Italy plans to launch a series of bad bank-style measures as early as the end of the year in an effort to cut its 330 billion ($350.4 billion) pile of non-performing loans (NPLs) as it seeks a “silver bullet” to boost its weak economic recovery, say senior officials.
Such a move raises the prospect of a confrontation with the European Commission, which has so far rejected draft plans presented by the Italian Treasury, arguing that any government intervention would qualify as state aid, the officials say.
According to several senior Italian officials, one plan under discussion involves placing the bulk of Italy’s NPLs into a privately held vehicle in which senior debt would be guaranteed by the state, probably through the state development agency Cassa Depositi e Prestiti.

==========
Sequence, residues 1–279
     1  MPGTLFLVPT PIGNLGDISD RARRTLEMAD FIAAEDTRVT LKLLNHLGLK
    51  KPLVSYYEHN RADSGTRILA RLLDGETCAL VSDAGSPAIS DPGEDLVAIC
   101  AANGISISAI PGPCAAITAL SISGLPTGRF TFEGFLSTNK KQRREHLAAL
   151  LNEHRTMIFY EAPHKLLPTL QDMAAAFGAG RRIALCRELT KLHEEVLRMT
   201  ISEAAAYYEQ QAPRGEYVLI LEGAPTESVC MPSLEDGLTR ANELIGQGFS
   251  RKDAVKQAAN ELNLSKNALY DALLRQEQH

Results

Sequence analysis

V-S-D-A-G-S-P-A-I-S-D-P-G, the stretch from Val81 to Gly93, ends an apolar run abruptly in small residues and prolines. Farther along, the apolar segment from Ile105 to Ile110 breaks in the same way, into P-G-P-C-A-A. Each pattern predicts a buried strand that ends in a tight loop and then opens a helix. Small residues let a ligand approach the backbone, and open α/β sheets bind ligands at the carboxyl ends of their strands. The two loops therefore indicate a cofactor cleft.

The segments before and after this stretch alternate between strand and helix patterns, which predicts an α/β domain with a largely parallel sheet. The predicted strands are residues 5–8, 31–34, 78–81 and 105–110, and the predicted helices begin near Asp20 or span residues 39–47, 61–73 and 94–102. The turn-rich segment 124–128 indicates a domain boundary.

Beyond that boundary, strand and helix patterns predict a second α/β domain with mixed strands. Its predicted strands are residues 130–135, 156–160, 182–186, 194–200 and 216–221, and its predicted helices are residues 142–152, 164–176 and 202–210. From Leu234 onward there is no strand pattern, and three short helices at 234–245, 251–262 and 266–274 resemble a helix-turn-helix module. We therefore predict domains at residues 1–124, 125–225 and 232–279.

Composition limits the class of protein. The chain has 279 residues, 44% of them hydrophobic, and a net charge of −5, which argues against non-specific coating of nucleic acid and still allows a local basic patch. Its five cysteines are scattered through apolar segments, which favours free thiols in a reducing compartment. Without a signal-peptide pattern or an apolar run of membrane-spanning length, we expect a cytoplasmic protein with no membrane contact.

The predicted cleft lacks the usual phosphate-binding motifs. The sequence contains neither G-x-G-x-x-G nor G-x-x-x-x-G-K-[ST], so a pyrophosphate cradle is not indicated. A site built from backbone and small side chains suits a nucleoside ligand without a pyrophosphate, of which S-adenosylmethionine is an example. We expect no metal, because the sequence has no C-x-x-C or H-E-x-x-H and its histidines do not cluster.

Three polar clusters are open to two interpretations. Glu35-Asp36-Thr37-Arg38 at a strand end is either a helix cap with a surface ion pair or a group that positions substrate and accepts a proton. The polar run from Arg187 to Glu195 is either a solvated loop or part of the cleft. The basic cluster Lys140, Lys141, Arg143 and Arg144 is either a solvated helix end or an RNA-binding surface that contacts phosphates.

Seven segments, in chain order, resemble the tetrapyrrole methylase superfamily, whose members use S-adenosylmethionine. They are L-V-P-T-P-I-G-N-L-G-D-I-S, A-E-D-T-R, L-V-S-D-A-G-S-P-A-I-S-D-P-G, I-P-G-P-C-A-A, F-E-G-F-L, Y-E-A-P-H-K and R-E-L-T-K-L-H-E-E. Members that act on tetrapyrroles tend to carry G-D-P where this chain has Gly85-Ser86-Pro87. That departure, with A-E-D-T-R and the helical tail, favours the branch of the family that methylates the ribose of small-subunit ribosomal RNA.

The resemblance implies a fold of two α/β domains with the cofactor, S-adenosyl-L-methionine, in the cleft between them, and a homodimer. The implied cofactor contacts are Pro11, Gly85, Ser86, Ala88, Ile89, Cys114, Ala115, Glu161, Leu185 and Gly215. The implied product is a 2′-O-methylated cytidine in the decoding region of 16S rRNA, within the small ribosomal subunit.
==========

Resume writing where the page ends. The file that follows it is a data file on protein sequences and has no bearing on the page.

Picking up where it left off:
The aim would be to reduce the gap between the price banks are offering to sell the loans and the price private entities are willing to pay for them, which has remained stubbornly wide, amid private investors’ concerns about the ease of clawing back soured loans in Italy.
One senior government official said a clean-up of NPLs would be the single most effective “silver bullet” for boosting Italian growth.
“The aim is to create a structure with as little involvement of the state as possible” in order to avoid triggering European Commission rules on state aid, said another senior Italian official, speaking on condition of anonymity.
Nonetheless, bank executives remain skeptical. “It would be a miracle if they manage to convince the EU,” said the chief executive of one of Italy’s largest banks.
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